It’s funny how we sometimes notice things happening in clusters. When you buy a new car, suddenly the same car seems to be all over the road. Health care practitioners often see a similar phenomenon. We can go months without treating someone for a specific problem, and then see that problem 3 times in the same week. Over the past month, I have noticed myself repeating the same advice to several patients between the ages of 55-70. That advice centers on the notion that how a person maintains their physical function in their 50’s and 60’s dictates how active they will be in their 70’s and 80’s.
It is pretty common in physical therapy to meet a person around age 60-70 that has recently retired and is transitioning to a new phase of their life. Many times they are seeing me because of a new injury due to new activities or they finally have the time to address a problem that has been nagging them for years. Some common concerns I hear include:
• “Now that I’m no longer working, I seem to sit around a lot more”.
• “I feel like my body is just getting so stiff”.
• “I’ve had several friends who have fallen or have had major joint surgeries lately, and I’d like to know how I can prevent this from happening to me”.
• “My mother/father had a really hard time with mobility when they were in the mid-70s, and I want to do everything I can to prevent that from happening to me”.
These are all very valid concerns. The risk of falling increases every 5-10 years, as does the likelihood that a joint or joints will start to wear out. In my 10 years in practice, I’ve been able to work with people who have transitioned from their 60s and 70s to 80s and 90s. I consistently see that the ones who make physical activity a priority in their earlier years do much better later on.
To learn a little more about how age progression affects mobility and physical function, I spoke with Dr. Todd Sheperd, MD, from Bayside Family Medicine in Petoskey.
MYM: With respect to physical function and mobility, what changes start to occur in otherwise healthy adults beginning around age 55-65?
TS: In most patients who are otherwise healthy, there is some gradual progressive decline in joint range of motion and endurance as well as strength associated with entering middle age. In addition, this is a common time for many patients to develop early signs and symptoms of wear and tear arthritis.
MYM: What changes occur in the late 70s-90s?
TS: Those changes noted in patients during the fifties and sixties tend to accelerate as they enter their 70's and beyond.
MYM: How do behaviors in a person's 60's affect their mobility/health later in life?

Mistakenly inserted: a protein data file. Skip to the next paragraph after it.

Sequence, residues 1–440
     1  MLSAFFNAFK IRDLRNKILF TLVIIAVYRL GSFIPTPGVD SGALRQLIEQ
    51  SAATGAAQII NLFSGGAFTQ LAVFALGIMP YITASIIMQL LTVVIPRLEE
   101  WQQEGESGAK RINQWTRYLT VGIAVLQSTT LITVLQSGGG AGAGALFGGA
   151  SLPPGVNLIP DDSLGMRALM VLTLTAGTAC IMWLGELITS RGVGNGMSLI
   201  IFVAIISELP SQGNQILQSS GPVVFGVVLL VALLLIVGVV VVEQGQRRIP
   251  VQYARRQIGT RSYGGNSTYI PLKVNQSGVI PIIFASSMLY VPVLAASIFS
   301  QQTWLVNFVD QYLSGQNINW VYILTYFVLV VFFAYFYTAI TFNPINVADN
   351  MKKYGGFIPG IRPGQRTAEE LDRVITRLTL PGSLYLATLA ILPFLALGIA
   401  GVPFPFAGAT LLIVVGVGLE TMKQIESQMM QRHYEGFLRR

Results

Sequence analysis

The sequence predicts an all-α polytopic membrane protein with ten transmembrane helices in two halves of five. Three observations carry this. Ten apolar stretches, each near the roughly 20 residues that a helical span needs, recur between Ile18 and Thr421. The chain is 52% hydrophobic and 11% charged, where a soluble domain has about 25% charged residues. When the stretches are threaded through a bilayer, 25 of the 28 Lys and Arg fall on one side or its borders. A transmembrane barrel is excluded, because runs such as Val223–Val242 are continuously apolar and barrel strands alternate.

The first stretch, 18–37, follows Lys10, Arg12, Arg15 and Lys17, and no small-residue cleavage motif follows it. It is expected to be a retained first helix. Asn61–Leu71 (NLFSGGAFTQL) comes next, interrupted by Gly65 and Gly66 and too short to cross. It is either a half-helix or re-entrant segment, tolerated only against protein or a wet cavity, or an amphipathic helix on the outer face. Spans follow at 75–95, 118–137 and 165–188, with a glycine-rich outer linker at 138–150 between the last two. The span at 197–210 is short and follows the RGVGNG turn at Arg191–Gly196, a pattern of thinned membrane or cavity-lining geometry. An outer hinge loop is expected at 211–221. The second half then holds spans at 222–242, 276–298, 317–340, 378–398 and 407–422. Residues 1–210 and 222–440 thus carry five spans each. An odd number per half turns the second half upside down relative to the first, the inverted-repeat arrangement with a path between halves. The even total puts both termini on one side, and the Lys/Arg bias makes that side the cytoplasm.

TS: Clinically, there is more and more information that would support the theory that when patients are more physically active in their 50's and 60's, they will be healthier and fit entering their older decades of life.
MYM: If you had to pick 2 or 3 crucial things for your patients to do in their 60's what would they be?
TS: Many of the health problems that I encounter on a day to day basis (high blood pressure, obesity, Diabetes etc...) would be either cured or significantly improved by doing a few simple things on a regular basis;
- Eat more and more like a vegetarian
- Move more often (aerobic exercise at least 3-4 times per week)
- Have good sleep habits
It is amazing how much better patients feel when they give their body good fuel, take the machine out for a spin, and let their body recover at night.
You may be wondering, ‘Great, so everything will get harder from now on. So why are you telling me?’. The good news is that many changes in the musculoskeletal system can be offset by moderate amounts of physical activity. It’s true that hormonal shifts tend to reduce muscle mass starting at about age 30 (yikes!). However, these changes are only responsible for about 10-15% of muscle mass loss over an adult’s lifetime. The rest of the loss of mass is related to disease, immobility, or both.
Regular exercise and check-ins with your doctor are your best bet for making sure you have the strength to keep doing the things you enjoy later in life. So in sum, I’m a big fan of people maintaining or increasing their activity levels beginning around age 55-60. The benefits to your cardiovascular, balance, and neurologic systems cannot be overstated. Being intentional on your eating habits, activity level, and fitness habits will help you maintain the lifestyle you enjoy now for the duration of your life.